Git branching basic workflow

To better handle multiple people working on a project in a Git repository, using branches and reviewing pull requests before committing to the master branch is strongly suggested.


Basic steps:

  1. Change to your home directory and clone the git repository
    1. cd $HOME
    2. git clone [email protected]/MyRepo.git
  2. Change into the new project directory
    1. cd ./MyRepo
  3. Create a branch to work on the new code
    1. git checkout -b MyNewBranch
  4. Verify you are working in the branch
    1. git branch
    2. Note: The branch will have a “*” to the left of the branch name denoting the active branch
  5. Update code, test, repeat
  6. Review and add any missing files
    1. git status
    2. git add <file_name>
  7. Push the code into the repository
    1. git push –set-upstream origin MyNewBranch
      1. This is only necessary for the first ‘git push’
    2. git commit -v {list of changed files}
      • Note the response from the system:
      • remote: Create a pull request for 'MyNewBranch' on GitHub by visiting:
      • remote: https://git.repo.example.org/MyRepo/pull/new/MyNewBranch
  8. Open the pull request (PR) in git.repo.example.org
    1. Add other repository contributors to request a code review before merging.
  9. Repeat the edit/test/PR cycle as necessary until merge is accepted
    1. edit code … test … git status … git add … git commit … gitpush
  10. When it has been accepted, clean-up your work area:
    1. cd $HOME/MyRepo/
    2. git checkout master
    3. git pull
    4. git branch –delete MyNewBranch
  11. Celebrate on a successful pull request!

IBM Model-M and the Windows Key

I really love my IBM Model-M keyboard, but one frustration is the more frequent need for the Windows key. Even some Linux desktops are using it. Oh I get it, it’s a handy “meta” key that helps differentiate keyboard tasks so it’s lack is annoying at times.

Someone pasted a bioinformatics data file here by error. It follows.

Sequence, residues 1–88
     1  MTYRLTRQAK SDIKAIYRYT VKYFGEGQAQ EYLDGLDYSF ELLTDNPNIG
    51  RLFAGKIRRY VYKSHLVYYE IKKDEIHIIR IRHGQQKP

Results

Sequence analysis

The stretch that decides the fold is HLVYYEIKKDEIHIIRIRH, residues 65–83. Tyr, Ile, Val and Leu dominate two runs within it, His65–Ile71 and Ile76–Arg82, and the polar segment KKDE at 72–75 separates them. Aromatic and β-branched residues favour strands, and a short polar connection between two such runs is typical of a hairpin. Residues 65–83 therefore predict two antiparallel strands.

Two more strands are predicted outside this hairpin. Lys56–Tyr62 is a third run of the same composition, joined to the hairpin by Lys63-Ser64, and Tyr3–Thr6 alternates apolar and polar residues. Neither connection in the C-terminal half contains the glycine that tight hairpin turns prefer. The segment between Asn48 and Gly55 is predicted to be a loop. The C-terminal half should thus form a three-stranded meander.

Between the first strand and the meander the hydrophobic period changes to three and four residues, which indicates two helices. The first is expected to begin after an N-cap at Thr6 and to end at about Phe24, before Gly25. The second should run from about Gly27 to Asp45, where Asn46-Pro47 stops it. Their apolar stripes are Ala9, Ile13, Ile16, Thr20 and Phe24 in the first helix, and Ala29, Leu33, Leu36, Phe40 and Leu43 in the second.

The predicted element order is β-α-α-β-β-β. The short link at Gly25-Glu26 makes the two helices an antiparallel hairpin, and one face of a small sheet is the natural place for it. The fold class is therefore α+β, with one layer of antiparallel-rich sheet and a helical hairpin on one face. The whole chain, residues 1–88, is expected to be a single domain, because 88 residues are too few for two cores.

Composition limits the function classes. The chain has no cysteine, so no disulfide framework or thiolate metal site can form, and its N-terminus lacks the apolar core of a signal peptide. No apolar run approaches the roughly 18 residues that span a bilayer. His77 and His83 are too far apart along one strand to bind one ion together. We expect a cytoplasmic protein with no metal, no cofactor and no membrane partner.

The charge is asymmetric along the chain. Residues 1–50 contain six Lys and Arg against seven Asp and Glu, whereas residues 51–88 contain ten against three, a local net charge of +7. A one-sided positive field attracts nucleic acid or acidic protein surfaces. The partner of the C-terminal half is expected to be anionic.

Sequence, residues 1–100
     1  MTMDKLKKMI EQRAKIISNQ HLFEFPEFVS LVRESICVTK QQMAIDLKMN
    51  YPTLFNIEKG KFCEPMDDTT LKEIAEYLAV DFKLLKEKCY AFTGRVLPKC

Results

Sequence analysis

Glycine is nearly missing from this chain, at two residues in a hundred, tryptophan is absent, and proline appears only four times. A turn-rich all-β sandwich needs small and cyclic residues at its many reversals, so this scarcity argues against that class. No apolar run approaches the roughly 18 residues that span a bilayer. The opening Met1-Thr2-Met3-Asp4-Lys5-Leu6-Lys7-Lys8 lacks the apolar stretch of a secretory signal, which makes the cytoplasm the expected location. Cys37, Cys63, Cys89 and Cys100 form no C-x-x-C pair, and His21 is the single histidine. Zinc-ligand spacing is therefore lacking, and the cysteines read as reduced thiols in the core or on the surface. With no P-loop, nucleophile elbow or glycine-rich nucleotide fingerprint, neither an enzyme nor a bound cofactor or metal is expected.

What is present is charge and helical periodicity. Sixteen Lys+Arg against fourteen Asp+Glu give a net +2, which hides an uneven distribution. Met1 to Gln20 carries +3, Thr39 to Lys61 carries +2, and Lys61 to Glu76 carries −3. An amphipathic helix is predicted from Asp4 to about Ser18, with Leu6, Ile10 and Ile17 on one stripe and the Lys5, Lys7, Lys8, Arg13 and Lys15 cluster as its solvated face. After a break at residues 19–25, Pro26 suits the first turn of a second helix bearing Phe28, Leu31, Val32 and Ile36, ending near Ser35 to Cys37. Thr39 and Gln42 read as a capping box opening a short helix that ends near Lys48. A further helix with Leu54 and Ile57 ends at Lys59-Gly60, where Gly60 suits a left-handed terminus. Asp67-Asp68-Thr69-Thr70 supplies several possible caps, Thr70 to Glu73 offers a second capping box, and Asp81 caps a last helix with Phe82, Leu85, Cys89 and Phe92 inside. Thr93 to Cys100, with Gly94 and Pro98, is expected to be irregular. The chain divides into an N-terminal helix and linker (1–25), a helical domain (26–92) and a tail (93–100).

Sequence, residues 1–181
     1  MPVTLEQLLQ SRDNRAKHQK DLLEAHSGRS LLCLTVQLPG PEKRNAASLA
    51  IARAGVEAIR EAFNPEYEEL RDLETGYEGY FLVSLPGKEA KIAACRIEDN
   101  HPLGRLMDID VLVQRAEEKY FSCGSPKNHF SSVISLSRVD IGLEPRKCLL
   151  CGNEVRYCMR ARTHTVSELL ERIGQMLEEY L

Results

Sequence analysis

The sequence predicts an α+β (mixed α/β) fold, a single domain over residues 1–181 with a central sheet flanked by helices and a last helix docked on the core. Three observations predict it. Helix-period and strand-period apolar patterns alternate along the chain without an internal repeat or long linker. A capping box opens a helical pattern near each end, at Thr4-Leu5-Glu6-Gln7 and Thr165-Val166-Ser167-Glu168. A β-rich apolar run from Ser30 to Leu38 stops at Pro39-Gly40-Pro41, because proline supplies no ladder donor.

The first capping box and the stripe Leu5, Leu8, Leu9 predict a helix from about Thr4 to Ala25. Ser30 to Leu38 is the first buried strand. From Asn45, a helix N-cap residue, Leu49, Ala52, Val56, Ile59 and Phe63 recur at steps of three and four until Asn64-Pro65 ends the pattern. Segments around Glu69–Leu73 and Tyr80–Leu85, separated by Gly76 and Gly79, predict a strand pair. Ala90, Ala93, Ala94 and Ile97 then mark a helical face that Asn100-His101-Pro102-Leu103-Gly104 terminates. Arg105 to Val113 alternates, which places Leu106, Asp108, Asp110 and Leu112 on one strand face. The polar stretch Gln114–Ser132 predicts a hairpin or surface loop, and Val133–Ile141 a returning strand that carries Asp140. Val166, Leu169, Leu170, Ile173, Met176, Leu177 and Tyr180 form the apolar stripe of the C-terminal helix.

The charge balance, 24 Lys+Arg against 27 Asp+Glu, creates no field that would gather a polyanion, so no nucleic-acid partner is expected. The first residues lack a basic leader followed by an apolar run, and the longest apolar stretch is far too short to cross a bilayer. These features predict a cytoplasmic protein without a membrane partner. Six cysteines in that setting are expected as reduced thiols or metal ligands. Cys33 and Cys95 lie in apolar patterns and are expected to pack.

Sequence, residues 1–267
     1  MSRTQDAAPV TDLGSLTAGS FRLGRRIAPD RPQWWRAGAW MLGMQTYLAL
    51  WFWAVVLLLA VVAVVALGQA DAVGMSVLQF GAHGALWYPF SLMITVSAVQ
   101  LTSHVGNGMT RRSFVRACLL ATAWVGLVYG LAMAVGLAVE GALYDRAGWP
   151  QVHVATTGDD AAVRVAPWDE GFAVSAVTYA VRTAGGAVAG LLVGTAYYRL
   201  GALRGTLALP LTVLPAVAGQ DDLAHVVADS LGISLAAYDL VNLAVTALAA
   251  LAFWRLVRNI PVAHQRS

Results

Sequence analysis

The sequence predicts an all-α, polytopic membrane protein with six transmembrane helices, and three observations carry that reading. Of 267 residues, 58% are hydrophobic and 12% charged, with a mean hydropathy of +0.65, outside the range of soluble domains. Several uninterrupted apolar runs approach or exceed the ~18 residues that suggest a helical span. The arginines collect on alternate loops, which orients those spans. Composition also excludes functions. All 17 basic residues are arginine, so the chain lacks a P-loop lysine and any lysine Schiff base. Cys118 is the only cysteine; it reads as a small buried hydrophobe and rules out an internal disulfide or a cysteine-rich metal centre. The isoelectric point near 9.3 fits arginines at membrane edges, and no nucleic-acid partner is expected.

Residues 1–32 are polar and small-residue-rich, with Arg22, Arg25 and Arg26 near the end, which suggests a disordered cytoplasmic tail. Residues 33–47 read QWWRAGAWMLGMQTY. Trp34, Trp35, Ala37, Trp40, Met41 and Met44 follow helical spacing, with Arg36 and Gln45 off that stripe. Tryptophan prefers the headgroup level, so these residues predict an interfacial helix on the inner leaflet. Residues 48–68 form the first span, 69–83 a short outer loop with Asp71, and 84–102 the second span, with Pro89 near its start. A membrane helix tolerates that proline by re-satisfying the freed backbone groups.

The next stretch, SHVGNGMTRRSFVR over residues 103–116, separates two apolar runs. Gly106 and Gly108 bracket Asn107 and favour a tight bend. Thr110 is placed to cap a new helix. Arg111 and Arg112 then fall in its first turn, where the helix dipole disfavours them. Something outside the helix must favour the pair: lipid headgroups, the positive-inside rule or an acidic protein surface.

For the few times I am in Windows 10 using my Model-M keyboard, I found this answer on SuperUser.com to re-map the caps-lock key to the Windows key with a simple registry hack: https://superuser.com/a/1228990/101577

Just in case that link goes away, here’s the text:

Anyway, using SharpKeys I found the correct map for CAPS LOCK to Win is this:

https://superuser.com/a/1228990/101577
Windows Registry Editor Version 5.00
[HKEY_LOCAL_MACHINE\SYSTEM\CurrentControlSet\Control\Keyboard Layout]
"Scancode Map"=hex:00,00,00,00,00,00,00,00,02,00,00,00,5b,e0,3a,00,00,00,00,00

Just save those lines as presented into a file, “c:\WinKeyRemap.reg”, then use File Manager to find it, then double-click to open it with the Registry Editor. (You’ll need to accept the warning.) Assuming the file is correct, Registry Editor will report that the values have been added to the registry.

Reboot to make the changes take effect.